Clayton Kershaw’s start ends as Dodgers lose to Rockies

Los Angeles Dodgers starting pitcher Clayton Kershaw is waiting to be taken off the mound.

Dodgers starting pitcher Clayton Kershaw reacts after giving up a two-run triple by Colorado’s Randall Grichuk during the sixth inning of a 5-3 loss Saturday night. (David Zalubowski/Associated Press)

For five innings Saturday night, Clayton Kershaw navigated both a last-place opponent, high-altitude elements and a rapidly increasing pitch count.

Despite giving up two unearned runs in the first inning, he kept the Colorado Rockies quiet over the next four as the Dodgers took a lead at Coors Field.

In the bottom of the sixth, however, his outing appeared to be just seven pitches away.

The Rockies hit back-to-back singles against his curveball. They pulled ahead with a two-run triple and an RBI single on back-to-back first-pitch sliders.

Suddenly, the Dodgers were behind and manager Dave Roberts was walking to the mound.

Kershaw’s night is over. In an eventual 5-3 loss, the Dodgers would not lead again.

“It was a trophy tonight,” said Kershaw, who gave up five total runs (three earned) in 5 1/3 innings to raise his ERA to 2.66.

“Overall I thought my stuff was OK,” he added. “He was able to regroup after that [first inning] and get through the next innings quite easily. And then, yeah, that sixth inning, I felt good about it, it kind of got away from me there.”

The first hit was the one Kershaw regretted the most, a curveball to Brendan Rodgers that “probably backfired on him a little bit,” Kershaw said, striking out a pitch in which he had retired 13 of the previous 15 since the start of the second. series.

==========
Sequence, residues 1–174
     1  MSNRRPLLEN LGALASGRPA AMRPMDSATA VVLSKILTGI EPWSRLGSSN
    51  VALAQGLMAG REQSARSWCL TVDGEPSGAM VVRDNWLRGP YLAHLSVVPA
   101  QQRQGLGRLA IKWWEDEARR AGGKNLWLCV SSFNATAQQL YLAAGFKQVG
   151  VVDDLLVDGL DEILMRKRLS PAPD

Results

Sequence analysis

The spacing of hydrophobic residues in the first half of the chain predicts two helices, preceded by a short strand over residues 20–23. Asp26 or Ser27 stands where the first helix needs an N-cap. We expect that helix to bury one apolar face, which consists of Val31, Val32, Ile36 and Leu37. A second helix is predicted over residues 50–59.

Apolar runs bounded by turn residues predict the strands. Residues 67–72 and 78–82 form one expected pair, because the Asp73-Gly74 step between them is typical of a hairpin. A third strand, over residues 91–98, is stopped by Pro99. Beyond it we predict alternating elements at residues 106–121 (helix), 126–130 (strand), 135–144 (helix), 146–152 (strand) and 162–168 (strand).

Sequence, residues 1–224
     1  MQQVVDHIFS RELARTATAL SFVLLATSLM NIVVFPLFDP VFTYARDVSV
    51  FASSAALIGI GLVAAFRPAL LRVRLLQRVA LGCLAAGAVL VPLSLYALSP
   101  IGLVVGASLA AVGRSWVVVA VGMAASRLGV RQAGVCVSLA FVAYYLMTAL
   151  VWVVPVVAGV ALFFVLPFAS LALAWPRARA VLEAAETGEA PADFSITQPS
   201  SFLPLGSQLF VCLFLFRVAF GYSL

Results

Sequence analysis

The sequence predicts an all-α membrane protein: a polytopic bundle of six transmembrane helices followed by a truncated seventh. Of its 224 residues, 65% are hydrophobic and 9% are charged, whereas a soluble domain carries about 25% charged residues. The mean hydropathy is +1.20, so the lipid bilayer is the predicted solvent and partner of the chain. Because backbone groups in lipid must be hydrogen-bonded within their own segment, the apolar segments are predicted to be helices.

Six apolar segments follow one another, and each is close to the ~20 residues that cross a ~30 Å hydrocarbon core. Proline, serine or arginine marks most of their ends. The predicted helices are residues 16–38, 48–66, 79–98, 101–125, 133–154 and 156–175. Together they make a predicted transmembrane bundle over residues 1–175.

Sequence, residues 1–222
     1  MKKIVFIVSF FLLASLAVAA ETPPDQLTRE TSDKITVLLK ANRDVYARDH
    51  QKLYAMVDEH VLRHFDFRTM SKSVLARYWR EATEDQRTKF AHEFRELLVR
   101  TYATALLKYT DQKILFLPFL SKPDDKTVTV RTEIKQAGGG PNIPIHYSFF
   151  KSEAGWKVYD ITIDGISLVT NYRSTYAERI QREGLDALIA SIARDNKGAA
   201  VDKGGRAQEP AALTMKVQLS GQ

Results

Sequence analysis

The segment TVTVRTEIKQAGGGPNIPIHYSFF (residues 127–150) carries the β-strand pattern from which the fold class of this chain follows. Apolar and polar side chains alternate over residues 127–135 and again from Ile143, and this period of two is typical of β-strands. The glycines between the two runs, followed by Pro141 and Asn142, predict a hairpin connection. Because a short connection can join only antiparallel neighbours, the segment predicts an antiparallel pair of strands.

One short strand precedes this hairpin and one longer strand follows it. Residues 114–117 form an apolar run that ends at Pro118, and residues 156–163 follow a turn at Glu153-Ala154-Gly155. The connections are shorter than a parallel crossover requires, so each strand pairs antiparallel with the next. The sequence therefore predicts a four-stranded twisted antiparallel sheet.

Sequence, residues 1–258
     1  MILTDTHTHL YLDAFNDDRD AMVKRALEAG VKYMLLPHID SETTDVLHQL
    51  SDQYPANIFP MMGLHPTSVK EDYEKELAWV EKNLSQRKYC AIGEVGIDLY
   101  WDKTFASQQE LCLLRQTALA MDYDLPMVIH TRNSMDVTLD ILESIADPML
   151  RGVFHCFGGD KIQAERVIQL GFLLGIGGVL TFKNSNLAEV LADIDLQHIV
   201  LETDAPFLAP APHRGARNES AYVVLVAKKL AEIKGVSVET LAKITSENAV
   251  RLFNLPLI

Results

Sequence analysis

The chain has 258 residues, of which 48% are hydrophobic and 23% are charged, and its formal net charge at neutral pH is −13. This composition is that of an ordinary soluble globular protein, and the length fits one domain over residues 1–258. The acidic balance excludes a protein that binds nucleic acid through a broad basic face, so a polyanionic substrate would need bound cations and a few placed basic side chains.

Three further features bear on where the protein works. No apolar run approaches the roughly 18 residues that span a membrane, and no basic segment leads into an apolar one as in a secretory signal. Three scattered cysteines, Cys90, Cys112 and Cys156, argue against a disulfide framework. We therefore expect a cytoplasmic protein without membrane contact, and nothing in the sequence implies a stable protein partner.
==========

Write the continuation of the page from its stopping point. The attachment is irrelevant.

José Iglesias put runners on the corners in the next at-bat with a low curveball to right.

Then came the two game-changing pitches: a backdoor slider to Randal Grichuk that lined the other side for a two-run triple and a knee slider to Elias Díaz that was driven to left to make it 5- 3.

“The two sliders were probably, I thought, well placed and decent,” Kershaw said. “But maybe I had done the same thing too many times. They give them good swings. Hit them hard. So that was the disappointing part.”

Once we reached the sixth inning it was a challenge for the left-hander, who threw 29 pitches in a first inning that was extended by Max Muncy’s two-out error at third base.

That error, on an Iglesias jumper that glanced off Muncy’s hand and into left field, was Muncy’s third error in the last eight games and one of several balls this weekend that he failed to find.

Roberts, however, played down any defensive concerns about the third baseman.

“He came back, I think, a time or two later and made some really nice plays,” Roberts said. “So Max plays good defense. I know in the last 10 days, there are some projects that I think we’d like him to do.”

The Dodgers (67-33) responded as well.

After opening the scoring in the top of the first on a Will Smith RBI double, they retook the lead with two runs in the third on a Trea Turner home run — using his 16th of the year to snap his hitting streak to 17 games — and a Hanser single Alberto RBI.

The offense rested after that, going scoreless over the final six innings for the second night in a row.

Kershaw, meanwhile, suffered his second rough start against the Rockies (46-56) at Coors Field this year – a place where he now has a personal-worst career ERA of 4.82.

“I just don’t think about it,” Kershaw said when asked about his Coors Field woes. “Just try to make pitches. I won’t let any pitch dictate how I feel about how I pitched. I’m not that mentally weak. You just have to play and if you don’t do well, you have to put up with it.”

This story originally appeared in the Los Angeles Times.

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